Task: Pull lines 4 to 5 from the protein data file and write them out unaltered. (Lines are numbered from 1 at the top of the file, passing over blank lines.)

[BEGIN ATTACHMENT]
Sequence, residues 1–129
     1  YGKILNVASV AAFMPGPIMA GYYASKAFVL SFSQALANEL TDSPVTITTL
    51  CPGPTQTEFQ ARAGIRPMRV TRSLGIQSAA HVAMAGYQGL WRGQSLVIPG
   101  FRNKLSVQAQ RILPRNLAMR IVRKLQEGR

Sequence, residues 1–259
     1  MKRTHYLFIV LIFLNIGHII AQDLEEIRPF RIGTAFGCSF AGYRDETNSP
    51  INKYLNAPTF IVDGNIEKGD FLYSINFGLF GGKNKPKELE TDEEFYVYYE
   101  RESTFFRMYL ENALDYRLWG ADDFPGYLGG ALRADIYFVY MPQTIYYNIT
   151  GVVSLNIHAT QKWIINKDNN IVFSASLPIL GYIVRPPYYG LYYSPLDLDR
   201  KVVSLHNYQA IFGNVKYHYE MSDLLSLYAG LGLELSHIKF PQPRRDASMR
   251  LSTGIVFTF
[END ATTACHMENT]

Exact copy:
   101  FRNKLSVQAQ RILPRNLAMR IVRKLQEGR

Sequence, residues 1–259